High priests of customer evangelism, the foundation of viral marketing, Ben and Jackie work creatively from the pulpit of the Church of the Customer to tech companies how to recruit consumers into their marketing efforts.
  • Brent Green's Boomers
    Brent’s blog amplifies marketing principles and practices in his book “Marketing to Leading-Edge Baby Boomers.” Commentary ranges from rants about the marketing clueless to exaltation of companies and organizations successfully introducing new Boomer marketing initiatives.
  • Evelyn Rodriguez - Crossroads Dispatches
    Evelyn offers a keen eye into the mind and soul of today's more mature consumer universe
  • Jean-Paul Treguer's Senioragency
    Jean-Paul brings a Continental perspective to the art of marketing to people in the second half of life. This entry links directly to the English edition. The French edition is at In both editions, lots of down to earth insights and advice.
  • Katherine Stone - Decent Marketing
    Katherine's blog reflects her customer centric perspectives on experiential marketing
  • Michele Miller - WonderBlog
    Michele's blog focuses in part on feminine values in marketing -- critically important since women account for 80% of consumer purchases.
  • Paul Williams and John Moore - Brand Autopsy
    Paul Williams and John Moore bring an impressive array of experience to their blog, including Moore's experience withStarbuck's and Whole Foods.
  • Piers Fawkes and Simon King - PSFK
    Cool tracking of cool developments in the under-40 marketplaces in Europe, US and Asia.
  • Saisir l'état d'esprit des 40+
    Sylvain Desfosses's dedicated efforts to promote a better understanding of the general state of mind of 40+ segment and the strategic implications in marketing and management. In French (no English subtitles!).
  • Skip Linberg's Marketing Genius
    A multi-author blog covering a wide range of topics and philosophy, plus a few rants and random musings.
  • The Source of Leadership Blog
    David Traversi shares his unique insight into what makes a great leader by exploring personal energies that we all possess.
  • Tom Asacker - A Clear Eye
    Tom's wide-ranging blog is especially sensitive to the role of emotions in consumer behavior.
  • Tom Peters
    Tom's blog is - well, typical of Tom's thinking, almost beyond global in perspective with frequent outside-the-box ideas. You'll likely find it worthwhile to have Tom's blog in your must-read blog list.

Blogs on Branding

  • Stefan Liute - Stefan's Branding Blog
    Free ranging running commentary on branding in a nice conversational tone by a branding pro from Romania ( who understands the art of branding.
  • Jason Kerr - Brandlessness
    Jason sagely observes, "“Any sufficiently advanced brand is fully indistinguishable from the self” then sets out to fulfill the promise in that statement.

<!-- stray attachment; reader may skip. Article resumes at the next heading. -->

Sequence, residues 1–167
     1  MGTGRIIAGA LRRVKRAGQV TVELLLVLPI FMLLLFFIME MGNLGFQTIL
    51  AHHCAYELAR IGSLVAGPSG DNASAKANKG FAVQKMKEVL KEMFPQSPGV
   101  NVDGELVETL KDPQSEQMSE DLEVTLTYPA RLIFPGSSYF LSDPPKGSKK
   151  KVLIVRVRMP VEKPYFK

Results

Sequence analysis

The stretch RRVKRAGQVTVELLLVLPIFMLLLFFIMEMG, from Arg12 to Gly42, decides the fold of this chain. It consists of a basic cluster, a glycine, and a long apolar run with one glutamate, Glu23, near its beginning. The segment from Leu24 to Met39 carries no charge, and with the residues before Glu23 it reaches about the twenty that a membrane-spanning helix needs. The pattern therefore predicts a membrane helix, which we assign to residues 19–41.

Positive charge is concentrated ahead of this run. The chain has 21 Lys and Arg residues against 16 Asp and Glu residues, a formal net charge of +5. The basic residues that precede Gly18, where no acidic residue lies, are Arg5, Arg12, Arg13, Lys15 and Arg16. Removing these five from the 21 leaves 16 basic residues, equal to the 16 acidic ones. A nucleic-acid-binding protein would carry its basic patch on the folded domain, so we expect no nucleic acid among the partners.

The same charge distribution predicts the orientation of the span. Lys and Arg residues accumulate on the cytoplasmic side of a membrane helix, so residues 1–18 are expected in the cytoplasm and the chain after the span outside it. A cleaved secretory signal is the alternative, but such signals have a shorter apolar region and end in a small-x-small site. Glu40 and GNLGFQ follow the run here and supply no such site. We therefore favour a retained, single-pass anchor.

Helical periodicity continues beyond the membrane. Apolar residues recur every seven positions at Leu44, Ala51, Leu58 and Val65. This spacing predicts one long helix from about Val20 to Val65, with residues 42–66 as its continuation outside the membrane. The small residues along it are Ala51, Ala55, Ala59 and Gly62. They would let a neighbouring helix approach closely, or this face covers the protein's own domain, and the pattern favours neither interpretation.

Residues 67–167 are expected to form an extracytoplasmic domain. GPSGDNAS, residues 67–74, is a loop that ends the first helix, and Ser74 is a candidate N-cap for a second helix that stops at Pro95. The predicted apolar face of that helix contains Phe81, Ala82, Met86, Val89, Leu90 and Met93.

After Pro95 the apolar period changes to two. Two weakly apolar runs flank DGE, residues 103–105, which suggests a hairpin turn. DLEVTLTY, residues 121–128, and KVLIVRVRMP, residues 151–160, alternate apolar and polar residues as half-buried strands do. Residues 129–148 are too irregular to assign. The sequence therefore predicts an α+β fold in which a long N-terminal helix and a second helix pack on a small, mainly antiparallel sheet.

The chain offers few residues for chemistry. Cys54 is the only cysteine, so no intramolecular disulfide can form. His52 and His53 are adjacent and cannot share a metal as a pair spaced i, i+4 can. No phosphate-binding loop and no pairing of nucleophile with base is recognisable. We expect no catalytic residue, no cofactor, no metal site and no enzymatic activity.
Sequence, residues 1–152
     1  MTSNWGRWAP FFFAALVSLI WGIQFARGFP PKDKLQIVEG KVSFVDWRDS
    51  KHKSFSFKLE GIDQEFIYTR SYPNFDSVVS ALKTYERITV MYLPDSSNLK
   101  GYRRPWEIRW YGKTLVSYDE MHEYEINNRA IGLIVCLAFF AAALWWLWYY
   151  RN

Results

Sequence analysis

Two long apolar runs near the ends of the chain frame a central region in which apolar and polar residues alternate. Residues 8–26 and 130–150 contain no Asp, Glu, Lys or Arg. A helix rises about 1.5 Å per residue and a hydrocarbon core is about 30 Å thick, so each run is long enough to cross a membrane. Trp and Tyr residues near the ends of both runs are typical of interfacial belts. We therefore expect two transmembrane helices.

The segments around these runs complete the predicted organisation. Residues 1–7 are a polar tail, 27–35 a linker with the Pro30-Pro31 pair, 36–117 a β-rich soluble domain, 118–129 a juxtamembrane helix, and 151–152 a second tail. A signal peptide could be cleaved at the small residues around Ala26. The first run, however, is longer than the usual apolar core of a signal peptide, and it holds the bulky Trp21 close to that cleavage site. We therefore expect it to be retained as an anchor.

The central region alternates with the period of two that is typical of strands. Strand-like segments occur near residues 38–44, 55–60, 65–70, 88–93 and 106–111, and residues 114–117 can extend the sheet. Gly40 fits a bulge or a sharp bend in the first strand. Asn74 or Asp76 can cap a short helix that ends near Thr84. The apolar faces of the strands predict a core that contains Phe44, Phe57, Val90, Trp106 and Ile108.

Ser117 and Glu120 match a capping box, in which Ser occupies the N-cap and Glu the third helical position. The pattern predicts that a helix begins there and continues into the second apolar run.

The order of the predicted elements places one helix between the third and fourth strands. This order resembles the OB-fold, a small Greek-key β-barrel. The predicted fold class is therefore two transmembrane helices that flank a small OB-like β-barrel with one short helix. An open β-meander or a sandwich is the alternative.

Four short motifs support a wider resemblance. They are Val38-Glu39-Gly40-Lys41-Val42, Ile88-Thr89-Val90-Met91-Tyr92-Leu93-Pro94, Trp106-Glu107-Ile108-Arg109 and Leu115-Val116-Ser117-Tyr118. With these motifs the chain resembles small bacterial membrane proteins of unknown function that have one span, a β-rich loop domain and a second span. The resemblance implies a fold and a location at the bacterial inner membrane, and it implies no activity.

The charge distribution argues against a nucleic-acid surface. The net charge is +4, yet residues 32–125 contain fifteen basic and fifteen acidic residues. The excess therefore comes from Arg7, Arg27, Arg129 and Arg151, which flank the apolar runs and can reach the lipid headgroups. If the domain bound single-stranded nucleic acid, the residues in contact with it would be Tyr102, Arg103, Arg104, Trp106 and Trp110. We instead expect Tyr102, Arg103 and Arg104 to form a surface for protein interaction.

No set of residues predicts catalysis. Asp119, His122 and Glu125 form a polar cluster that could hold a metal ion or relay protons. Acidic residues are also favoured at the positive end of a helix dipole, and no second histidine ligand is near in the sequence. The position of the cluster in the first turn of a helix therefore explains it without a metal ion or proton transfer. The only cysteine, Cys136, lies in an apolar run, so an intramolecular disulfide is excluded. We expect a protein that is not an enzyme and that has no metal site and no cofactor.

• Errol Saldanha: Branding Branding
    Interesting site devoted to the perennial issue of how the terms "brand" and "branding" be defined.
  • David Young - BrandingBlog
    David's blog is replete with valuable insights into the semiotic alchemy of branding, an art more marketers should know more about.

Blogs on Specialty Areas of Marketing

  • CRM Lowdown
    CRM Lowdown - Craig Cullen blogs about every aspect of customer relationship management, from theory to implementation.
  • Eamon Maloney
    Spotlightideas is about creative-thinking in advertising account planning, communications and media.
  • Holly Buchanan's Marketing to Women Online
    Marketing to Women Online smashes stereotypes and focuses on understanding what women truly want in the online world and in the offline world
  • Lucy McDonald's R.E.A.L. Marketing Blog
    Lucy's unique blog provides a cornucopia of business and marketing tips for the counselor, therapist, psychotherapist, and alternative therapist.
  • MarcomBlog
    MarcomBlog is a collaborative effort between eight terrific public relations and marketing professionals and students in Auburn University's Department of Communication and Journalism to involve students in conversations with practitioners from around the world.
  • Mark Willaman's SeniorCareMarketer
    Mark discusses the 'business of aging' with a focus on Internet marketing. In particular, he writes about how companies who market products and services relating to the aging population can increase their online visibility, web site traffic and leads.
  • Marketing Headhunter
    Executive recruiter Harry Joiner speaks with top marketers throughout Corporate America every week which gives him keen insight into trends shaping multichannel marketing.
  • Resonance Partnership Blog
    Marianne Richmond offers insight into connecting marketing and customer experience within the paradoxes of a digital world… with an eye towards neuroscience and behavior theory.
  • Web Market Central
    Tom Pick of shares his advice, commentary, observations, and wisdom on all aspects of online marketing.
  • Yvonne DiVita's Lipsticking Blog
    Lip-sticking teaches small and medium-sized businesses how to market to women online. Speaking from the perspective of Jane – representative of the women's market – we offer qualified advice, insight, and research on women and the Internet.

Blogs on Sales Theory and Practice

  • S. Anthony Iannarino - The Sales Blog
    Anthony's common sense commentary is a treasure trove of insight into sales methods. tools, and theory enriched by an uncommon addiction to reading about everything. (Renaissance personalities make great salespeople and marketers.)